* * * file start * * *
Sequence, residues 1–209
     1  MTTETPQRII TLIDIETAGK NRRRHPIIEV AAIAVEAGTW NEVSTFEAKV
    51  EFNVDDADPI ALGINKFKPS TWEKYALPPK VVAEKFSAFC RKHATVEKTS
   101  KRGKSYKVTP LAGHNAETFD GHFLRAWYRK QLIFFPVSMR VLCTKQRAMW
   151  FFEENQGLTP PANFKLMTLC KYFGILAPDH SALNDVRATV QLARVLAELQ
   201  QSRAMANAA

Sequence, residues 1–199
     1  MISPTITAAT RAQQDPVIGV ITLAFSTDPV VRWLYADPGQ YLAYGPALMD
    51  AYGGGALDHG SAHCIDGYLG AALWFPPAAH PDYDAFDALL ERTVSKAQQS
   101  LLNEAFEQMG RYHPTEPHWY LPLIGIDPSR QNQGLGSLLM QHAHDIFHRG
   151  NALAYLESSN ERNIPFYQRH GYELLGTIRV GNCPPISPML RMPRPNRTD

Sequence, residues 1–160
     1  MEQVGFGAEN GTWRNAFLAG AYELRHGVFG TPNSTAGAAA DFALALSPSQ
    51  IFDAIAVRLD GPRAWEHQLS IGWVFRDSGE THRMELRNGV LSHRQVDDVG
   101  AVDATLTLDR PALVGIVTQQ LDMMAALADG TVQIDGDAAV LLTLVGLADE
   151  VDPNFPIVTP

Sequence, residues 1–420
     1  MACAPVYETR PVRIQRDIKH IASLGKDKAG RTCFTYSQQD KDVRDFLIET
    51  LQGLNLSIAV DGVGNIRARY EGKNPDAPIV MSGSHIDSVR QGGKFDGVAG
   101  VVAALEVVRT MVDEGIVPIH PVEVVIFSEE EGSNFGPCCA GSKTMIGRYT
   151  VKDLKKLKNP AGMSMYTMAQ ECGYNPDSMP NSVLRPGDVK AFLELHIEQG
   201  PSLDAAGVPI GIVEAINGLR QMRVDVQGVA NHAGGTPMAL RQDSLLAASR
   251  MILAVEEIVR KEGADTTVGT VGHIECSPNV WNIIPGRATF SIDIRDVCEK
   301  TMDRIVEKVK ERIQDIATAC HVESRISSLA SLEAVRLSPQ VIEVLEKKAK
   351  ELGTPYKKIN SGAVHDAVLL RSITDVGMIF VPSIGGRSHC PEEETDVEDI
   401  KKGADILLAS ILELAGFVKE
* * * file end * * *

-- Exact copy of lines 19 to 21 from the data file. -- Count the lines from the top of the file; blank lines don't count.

    51  LQGLNLSIAV DGVGNIRARY EGKNPDAPIV MSGSHIDSVR QGGKFDGVAG
   101  VVAALEVVRT MVDEGIVPIH PVEVVIFSEE EGSNFGPCCA GSKTMIGRYT
   151  VKDLKKLKNP AGMSMYTMAQ ECGYNPDSMP NSVLRPGDVK AFLELHIEQG